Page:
IN-DEPTH: A reality check for the euro area

The problems facing the Eurozone economy are neatly illustrated by fresh German data showing soft exports and contracting factory orders. While Chinese fiscal stimulus should help get Europe’s biggest economy back on track, expansionary fiscal policy across the bloc, as well as interest rate normalisation, are also necessary to ameliorate the ills of the euro area as a whole.

The euro area faces two main issues: low credit impulse and the Chinese slowdown and “Discussions among ECB watchers are notably evolving around the idea of pushing the repo rate back to zero” Europe needs some fiscal stimulus There is no such thing as global decoupling. Unsurprisingly, headwinds from China’s slowdown are starting to hit Europe and the US. The Organisation for Economic Co-operation and Development’s euro area leading indicator, which is widely used by asset allocators globally, has fallen sharply over the past few months. The year-on-year rate stands at its lowest level since the end of 2012.

At the same time, large declines in core European industrial production data can be observed, especially in Germany, which accounts for one-third of European industrial activity. This slowdown came as a shock for many policymakers, but we feel that it was predictable. Over recent quarters, our leading indicators (notably credit impulse) led us to warn clients and investors against the risk of lower growth in Europe.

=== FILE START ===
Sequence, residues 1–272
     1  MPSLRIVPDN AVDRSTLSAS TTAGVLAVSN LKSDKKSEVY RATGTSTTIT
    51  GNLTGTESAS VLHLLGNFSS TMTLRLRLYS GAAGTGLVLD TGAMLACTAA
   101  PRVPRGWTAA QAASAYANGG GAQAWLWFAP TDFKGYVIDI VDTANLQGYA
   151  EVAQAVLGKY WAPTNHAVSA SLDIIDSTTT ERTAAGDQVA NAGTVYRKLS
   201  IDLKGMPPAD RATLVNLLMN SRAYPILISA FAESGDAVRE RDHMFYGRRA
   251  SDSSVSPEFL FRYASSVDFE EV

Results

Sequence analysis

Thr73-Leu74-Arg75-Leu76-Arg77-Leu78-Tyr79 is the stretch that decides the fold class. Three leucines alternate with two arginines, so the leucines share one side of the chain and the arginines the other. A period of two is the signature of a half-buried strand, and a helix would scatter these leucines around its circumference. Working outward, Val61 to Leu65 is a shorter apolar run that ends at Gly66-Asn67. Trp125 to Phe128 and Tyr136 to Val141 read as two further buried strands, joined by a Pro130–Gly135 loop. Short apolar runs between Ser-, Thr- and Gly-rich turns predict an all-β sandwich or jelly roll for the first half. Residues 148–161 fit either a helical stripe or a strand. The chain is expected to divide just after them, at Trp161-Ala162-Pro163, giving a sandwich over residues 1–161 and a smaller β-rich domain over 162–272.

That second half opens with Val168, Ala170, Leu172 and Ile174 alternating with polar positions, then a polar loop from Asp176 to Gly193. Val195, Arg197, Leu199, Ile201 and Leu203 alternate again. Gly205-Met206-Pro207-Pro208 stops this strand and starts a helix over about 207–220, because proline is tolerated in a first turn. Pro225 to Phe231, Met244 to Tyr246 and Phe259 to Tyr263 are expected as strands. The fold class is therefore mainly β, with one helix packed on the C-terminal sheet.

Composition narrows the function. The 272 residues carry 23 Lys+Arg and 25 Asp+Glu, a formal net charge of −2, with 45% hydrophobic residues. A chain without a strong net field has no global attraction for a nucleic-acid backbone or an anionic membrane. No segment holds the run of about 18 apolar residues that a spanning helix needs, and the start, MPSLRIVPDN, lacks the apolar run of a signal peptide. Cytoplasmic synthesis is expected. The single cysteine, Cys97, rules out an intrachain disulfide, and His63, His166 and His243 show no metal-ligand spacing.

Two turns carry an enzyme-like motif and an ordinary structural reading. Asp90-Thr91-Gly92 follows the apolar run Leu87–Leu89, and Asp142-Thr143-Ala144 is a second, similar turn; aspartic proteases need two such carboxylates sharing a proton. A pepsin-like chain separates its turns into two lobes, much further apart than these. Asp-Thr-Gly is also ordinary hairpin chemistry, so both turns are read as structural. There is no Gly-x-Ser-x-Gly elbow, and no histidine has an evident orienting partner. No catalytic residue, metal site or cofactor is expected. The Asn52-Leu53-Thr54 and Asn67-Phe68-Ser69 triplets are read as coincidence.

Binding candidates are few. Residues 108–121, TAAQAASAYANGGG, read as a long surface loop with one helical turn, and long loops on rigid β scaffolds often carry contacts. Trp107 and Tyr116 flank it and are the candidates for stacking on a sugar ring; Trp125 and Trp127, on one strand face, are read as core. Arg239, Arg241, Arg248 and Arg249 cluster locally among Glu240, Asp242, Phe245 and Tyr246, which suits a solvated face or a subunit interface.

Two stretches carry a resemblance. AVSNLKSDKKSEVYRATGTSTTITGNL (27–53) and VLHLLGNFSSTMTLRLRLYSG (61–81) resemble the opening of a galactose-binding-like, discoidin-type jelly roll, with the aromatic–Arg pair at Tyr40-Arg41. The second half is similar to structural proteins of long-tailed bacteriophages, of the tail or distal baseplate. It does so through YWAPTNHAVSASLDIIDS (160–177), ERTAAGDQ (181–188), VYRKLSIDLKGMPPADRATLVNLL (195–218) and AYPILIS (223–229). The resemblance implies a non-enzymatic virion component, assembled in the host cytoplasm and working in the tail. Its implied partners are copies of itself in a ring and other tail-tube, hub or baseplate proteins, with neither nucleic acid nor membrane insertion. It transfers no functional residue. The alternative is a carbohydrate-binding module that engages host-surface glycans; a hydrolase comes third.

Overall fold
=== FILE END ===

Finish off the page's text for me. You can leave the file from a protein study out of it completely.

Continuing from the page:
Low credit impulse and China The euro area faces two main issues: low credit impulse and the Chinese slowdown. The euro area credit impulse, a key driver of economic activity, is running at 0.4 percent of GDP, which is rather low compared with its four-year average of 0.8 percent. A country-by-country analysis shows that the risk of growth decoupling between core countries and the periphery of the euro area is emerging again. In France and Germany, credit impulse is positive, at 1.7 percent and 0.6 percent of GDP respectively. By contrast, the credit impulse is sharply decelerating in the periphery; it was close to zero in Q4‘18 in Italy and sits at -2.1 percent of GDP in Spain, a level not seen since the end of 2013. This tends to indicate that a more restrictive credit cycle, especially in the periphery, has started. This will have a negative impact on domestic demand as it is highly correlated to the flow of new credit in the economy, and ultimately on growth as well.

On the top of that, the euro area, which has been more and more reliant on Asian growth since the financial crisis, is hit hard by low economic activity in China.

Germany’s factory orders, at constant prices, are in contraction and close to their 2012 nadir. In other words, we are looking at a decline in the manufacturing sector months ahead as well as weak sentiment in the automotive industry.

Digging further into the data, the most striking chart is German export growth to China, which has fallen sharply since the beginning of 2018 and is now in contraction as well.

The bright side is that China has opened the credit tap again, starting in the spring of 2018. We expect Chinese economic stabilisation by Q3 and a positive impact to Europe by Q4’19-Q1’20. Meanwhile, domestic measures to stimulate the economy need to be taken at the European level. Our main macro takeaways for Q2’19 – The euro area is reacting late to cyclical downturns in the domestic credit market and in trade developments.

– We see growing risks to growth in the periphery of the euro area and we expect that Germany will experience disappointing growth this year.

– The outcome is likely to be more fiscal expansion after the EU parliamentary elections and further monetary stimulus in a tricky period for the ECB as it will be looking for its next president.


Source from: The Peninsula